He told BBC Breakfast: “I think there are lots of ways, there’s PPE, there’s use of time.
“You could be closer than two metres but not for long at all. There are a range of ways to do this.
“And if it’s very vital you work next to each other then potentially things like shields that you see in supermarkets, or indeed PPE, is a way forward.”
Meanwhile, health visitors say they fear the UK will have a much higher rate of “invisible children” when the country finally emerges from lockdown, as they are currently unable to carry out face-to-face checks with families.
‘Accurate’ antibody test developed
A new “fast and accurate” coronavirus antibody test has been developed by scientists in Edinburgh, although the company fears the NHS could miss out amid interest in Europe for the machines.
Researchers for blood-screening company Quotient have developed a new test for whether people are immune to Covid-19 by spotting whether a person has developed antibodies to the disease.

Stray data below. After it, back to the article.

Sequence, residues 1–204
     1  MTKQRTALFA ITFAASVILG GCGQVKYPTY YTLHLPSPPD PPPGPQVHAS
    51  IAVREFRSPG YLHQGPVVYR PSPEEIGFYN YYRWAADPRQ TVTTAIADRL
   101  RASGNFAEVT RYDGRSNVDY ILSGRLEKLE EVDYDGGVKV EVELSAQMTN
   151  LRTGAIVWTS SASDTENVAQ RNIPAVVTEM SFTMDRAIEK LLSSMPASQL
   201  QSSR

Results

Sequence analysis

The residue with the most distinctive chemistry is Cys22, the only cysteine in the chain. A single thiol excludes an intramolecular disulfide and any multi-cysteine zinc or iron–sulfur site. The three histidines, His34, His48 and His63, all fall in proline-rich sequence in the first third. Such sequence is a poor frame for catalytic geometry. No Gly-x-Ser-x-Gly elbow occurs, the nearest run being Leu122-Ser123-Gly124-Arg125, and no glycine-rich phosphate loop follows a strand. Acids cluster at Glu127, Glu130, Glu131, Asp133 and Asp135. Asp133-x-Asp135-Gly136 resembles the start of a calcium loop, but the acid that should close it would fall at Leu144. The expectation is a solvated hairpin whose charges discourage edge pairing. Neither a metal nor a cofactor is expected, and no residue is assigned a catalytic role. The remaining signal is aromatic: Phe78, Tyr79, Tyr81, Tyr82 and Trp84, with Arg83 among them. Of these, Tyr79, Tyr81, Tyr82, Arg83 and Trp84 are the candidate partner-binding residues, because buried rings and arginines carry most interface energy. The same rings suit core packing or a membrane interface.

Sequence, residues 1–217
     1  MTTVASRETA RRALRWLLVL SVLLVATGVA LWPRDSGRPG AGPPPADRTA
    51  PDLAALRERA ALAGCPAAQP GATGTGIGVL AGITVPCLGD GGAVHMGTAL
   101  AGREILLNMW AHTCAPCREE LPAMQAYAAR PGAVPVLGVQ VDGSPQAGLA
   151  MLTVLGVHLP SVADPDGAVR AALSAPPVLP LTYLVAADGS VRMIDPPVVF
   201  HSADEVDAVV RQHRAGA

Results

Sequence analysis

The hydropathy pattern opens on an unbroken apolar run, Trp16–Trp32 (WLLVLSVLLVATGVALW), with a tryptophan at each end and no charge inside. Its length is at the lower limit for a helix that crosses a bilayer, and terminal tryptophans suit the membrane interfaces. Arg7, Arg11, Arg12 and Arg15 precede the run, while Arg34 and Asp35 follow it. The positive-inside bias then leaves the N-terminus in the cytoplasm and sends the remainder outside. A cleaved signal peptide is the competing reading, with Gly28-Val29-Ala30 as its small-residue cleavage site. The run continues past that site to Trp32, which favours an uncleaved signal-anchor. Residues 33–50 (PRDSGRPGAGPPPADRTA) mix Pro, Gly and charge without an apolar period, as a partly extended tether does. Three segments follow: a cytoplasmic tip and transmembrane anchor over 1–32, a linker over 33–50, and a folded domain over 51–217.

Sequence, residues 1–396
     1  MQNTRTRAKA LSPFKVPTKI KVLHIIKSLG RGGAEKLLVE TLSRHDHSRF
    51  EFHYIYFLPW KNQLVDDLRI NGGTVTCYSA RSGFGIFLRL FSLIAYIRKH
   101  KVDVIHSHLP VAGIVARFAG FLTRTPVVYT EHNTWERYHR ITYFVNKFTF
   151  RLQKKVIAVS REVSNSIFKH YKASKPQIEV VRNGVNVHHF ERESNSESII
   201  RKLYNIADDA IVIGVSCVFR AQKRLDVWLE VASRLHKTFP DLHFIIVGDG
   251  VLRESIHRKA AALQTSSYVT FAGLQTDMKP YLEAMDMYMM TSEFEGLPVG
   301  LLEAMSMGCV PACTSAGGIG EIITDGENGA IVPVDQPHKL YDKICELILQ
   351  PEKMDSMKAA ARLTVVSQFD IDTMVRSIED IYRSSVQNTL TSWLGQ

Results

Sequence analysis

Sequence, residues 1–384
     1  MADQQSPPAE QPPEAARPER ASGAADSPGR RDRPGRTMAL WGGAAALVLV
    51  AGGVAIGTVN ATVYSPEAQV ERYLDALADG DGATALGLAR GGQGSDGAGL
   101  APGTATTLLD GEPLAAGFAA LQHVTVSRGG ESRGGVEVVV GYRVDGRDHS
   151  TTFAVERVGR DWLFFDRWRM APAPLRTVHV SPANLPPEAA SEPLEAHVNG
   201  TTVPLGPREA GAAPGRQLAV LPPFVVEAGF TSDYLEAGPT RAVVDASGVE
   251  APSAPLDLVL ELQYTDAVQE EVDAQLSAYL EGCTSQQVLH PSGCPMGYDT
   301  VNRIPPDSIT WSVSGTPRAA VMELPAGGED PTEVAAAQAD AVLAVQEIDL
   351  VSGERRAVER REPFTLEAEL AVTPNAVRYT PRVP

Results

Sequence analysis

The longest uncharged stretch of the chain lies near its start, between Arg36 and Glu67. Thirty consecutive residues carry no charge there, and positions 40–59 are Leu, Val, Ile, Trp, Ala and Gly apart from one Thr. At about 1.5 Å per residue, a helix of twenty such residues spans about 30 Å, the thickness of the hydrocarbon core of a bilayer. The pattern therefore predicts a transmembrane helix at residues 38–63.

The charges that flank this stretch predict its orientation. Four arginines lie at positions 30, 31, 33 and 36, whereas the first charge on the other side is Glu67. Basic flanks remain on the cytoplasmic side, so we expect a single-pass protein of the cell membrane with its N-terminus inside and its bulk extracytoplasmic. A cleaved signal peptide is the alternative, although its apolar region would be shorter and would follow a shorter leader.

Each serological screening machine has capacity for up to 3,000 tests a day and produces results in 35 minutes with 99.8% accuracy, the firm said.
The company behind the new tests says it has 12 screening machines available, with a further 20 expected to be ready by the end of the year, but it has already had talks with interested parties across Europe.
However, with the new test developed by scientists in Edinburgh, the company is calling for the UK and Scottish governments to begin talks so that the NHS might be able to benefit.
Tech firms are also in talks with ministers about developing ‘immunity passports’, potentially using facial recognition technology, for those who have had the virus, allowing them to safely return to work.
Social distancing ‘would create kilometre-long queues’ at Heathrow
Implementing social distancing at airports would require kilometre-long queues for each jumbo jet, according to the chief executive of Heathrow.
John Holland-Kaye warned the nation’s major international airports do not have enough space for social distancing to be a solution for safe travel post-lockdown.